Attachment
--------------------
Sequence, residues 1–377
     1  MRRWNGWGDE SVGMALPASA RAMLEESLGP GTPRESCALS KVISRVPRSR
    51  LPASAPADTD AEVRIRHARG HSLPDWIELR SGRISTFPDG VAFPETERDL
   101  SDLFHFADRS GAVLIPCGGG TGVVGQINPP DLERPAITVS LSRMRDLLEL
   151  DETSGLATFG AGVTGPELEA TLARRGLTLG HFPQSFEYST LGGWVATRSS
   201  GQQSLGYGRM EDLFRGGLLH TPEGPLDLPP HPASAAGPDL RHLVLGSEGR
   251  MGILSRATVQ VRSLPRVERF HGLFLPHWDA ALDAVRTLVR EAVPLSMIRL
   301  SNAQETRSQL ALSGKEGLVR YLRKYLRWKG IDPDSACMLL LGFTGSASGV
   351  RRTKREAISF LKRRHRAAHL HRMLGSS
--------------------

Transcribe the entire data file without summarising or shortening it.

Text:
Sequence, residues 1–377
     1  MRRWNGWGDE SVGMALPASA RAMLEESLGP GTPRESCALS KVISRVPRSR
    51  LPASAPADTD AEVRIRHARG HSLPDWIELR SGRISTFPDG VAFPETERDL
   101  SDLFHFADRS GAVLIPCGGG TGVVGQINPP DLERPAITVS LSRMRDLLEL
   151  DETSGLATFG AGVTGPELEA TLARRGLTLG HFPQSFEYST LGGWVATRSS
   201  GQQSLGYGRM EDLFRGGLLH TPEGPLDLPP HPASAAGPDL RHLVLGSEGR
   251  MGILSRATVQ VRSLPRVERF HGLFLPHWDA ALDAVRTLVR EAVPLSMIRL
   301  SNAQETRSQL ALSGKEGLVR YLRKYLRWKG IDPDSACMLL LGFTGSASGV
   351  RRTKREAISF LKRRHRAAHL HRMLGSS